The following account of the obstruction of transportation routes in Azzun, Palestine, was filed by Scott Smith, a South African Ecumenical Accompanier based in Jayyous. The views expressed herein are personal and do not necessarily reflect those of the SACC or the WCC. See below for more information on the EAPPI programme.
We heard about the curfew in Azzun from Leena, ISM, at about 11:00 on Tuesday, 4 March. While we were able to confirm some meetings, many contacts told us not to come through as they were trapped in their homes or offices due to the curfew imposed on the town.
Instead we decided to go with Abed on a small tour of the surrounding areas. This required us to travel through Azzun. As soon as we passed through the North Blockage we were stopped by soldiers and ordered to turn around. There were two jeeps, one from the Border Police, and the other from the army. One stopped to the left side of us and the other blocked our path. The soldiers were aggressive, talking to us through their loudspeakers. There were no cars or people on the streets. Shops were closed. We turned around and toured a different part of the West Bank.
On Wednesday, 5 March, we were able to travel through Azzun. We noticed the new earth mounds and had to take long detours in order to reach Qalqiliya. Despite the imposed curfew, shops were open; people and cars were in the streets in Azzun. As far as we know the curfew has not been lifted officially but the soldiers do not still seem to be enforcing it. The team observed an unusually large number of Border Police (BP) jeeps patrolling road 55. In the village of Mahattat Tahseen Mansur, one BP jeep was stationed at the entrance of the village.
The blockage of Azzun seems strategic for the Israeli Defense Force as the town is one of the main pass-through points for the Qalqiliya region. If Azzun is blocked or under curfew, it severely inhibits movement in the region, optimizing disruption of daily life.
Below are details of the blockages of which we are aware. We do not know if there is another blockage on the southern road to Kafr Thulth. See the attached Google map for the approximate placements of the earth mounds.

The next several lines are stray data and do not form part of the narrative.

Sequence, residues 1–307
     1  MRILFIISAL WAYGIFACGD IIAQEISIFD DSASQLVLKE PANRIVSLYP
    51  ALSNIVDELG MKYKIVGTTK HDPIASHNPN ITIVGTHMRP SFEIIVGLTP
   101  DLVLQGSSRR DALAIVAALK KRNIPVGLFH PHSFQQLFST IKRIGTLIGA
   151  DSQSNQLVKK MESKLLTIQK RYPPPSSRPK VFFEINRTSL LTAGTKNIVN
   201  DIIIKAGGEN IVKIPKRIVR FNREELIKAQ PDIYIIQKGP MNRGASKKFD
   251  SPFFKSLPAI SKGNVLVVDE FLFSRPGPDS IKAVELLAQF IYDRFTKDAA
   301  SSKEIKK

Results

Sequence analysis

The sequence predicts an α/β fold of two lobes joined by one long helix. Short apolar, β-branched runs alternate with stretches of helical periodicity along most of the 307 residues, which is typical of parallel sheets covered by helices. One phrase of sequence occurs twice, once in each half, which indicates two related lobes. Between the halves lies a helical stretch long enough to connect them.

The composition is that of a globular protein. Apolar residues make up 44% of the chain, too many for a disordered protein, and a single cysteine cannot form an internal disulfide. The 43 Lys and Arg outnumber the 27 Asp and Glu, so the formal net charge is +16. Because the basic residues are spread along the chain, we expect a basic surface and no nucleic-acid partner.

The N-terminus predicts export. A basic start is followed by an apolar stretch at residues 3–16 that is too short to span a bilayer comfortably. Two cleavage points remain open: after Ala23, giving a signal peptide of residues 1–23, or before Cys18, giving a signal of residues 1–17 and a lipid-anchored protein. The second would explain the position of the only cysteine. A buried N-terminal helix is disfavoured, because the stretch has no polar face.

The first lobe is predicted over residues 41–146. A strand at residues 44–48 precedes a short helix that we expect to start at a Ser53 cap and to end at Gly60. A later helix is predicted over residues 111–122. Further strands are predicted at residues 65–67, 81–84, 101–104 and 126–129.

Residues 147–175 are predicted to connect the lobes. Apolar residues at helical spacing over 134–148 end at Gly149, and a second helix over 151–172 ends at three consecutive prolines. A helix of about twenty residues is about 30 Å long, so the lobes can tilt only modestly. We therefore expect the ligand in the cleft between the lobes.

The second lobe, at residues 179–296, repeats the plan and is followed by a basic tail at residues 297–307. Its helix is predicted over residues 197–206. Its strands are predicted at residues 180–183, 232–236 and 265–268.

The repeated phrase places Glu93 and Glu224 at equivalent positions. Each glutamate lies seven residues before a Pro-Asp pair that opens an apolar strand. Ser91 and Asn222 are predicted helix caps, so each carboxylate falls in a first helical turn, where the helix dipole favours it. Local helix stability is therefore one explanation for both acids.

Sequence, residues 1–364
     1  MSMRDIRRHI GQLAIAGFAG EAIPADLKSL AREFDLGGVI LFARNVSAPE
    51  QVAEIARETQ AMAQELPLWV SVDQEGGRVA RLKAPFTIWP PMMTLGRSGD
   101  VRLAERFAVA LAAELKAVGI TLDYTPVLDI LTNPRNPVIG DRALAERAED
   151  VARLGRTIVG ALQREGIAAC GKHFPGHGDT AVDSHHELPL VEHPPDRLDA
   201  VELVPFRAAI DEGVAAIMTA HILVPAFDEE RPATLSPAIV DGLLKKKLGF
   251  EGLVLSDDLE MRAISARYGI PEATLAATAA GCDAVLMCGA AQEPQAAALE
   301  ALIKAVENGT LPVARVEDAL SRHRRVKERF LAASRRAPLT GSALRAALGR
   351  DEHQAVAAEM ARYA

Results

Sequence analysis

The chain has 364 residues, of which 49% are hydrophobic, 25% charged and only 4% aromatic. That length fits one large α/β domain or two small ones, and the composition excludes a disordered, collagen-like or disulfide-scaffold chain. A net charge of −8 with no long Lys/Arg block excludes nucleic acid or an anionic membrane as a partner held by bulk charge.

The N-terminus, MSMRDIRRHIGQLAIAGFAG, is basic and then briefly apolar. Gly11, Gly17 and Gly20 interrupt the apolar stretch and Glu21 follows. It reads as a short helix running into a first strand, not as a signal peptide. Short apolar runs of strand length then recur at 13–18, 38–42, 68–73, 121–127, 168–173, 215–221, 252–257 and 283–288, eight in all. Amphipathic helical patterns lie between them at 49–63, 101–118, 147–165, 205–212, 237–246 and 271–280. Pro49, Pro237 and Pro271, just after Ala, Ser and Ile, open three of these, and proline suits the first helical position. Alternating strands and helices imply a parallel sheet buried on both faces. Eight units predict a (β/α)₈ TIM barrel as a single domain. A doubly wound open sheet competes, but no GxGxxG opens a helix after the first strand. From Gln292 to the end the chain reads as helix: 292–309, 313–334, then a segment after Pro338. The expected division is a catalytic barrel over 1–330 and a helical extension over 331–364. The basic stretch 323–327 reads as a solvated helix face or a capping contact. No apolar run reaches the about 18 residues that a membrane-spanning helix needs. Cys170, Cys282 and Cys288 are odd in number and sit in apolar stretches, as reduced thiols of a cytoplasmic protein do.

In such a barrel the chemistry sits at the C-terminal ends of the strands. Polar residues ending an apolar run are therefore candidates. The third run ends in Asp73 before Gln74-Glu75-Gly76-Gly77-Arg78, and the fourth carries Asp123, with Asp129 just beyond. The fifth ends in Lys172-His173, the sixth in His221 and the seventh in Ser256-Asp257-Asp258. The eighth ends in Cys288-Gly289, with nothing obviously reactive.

North Blockage 1: North road into Azzun. Obstacle in the form of cement blocks across the road. It is possible for cars and trucks to drive between the blocks.
North Blockage 2: The earth mound that has been there for some time.
West Blockage: We did not get very close to this new blockage and did not try to get around it due to the presence of soldiers on the other side.
South West Blockage: This was a new blockage. In the morning of 5 March it was not possible to get around it. We took a detour through the olive fields going west. On the way home that afternoon we found an alternative way around the earth mound but we could avoid going through the olive fields. This was by far the largest blockage we had seen.
Centre Blockage: In order to get around the earth mound people have to go into the surrounding residential areas to the east and then make their way west again through the southern part of Azzun.
Blockages in Al Funduq
In nearby al Funduq, there appeared to be three dirt mounds. Two were fresh and appeared to have been made within the last couple days. A third seemed to be older and was already partly demolished.
Small dirt roads had been made around the mounds, so all cars were able to pass. If not, the road 55 would be inaccessible for Palestinians.
The Ecumenical Accompaniment Programme in Palestine and Israel (EAPPI) was launched in August 2002. Ecumenical accompaniers monitor and report violations of human rights and international humanitarian law, support acts of non-violent resistance alongside local Christian and Muslim Palestinians and Israeli peace activists, offer protection through non-violent presence, engage in public policy advocacy, and stand in solidarity with the churches and all those struggling against the occupation. The programme is coordinated by the World Council of Churches.
The World Council of Churches is a fellowship of churches, now 342, in more than 120 countries in all continents from virtually all Christian traditions. The Roman Catholic Church is not a member church but works co-operatively with the WCC. The highest governing body is the assembly, which meets approximately every seven years. The WCC was formally inaugurated in 1948 in Amsterdam, Netherlands. Its staff is headed by General Secretary Samuel Kobia from the Methodist Church in Kenya.
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5 March 2008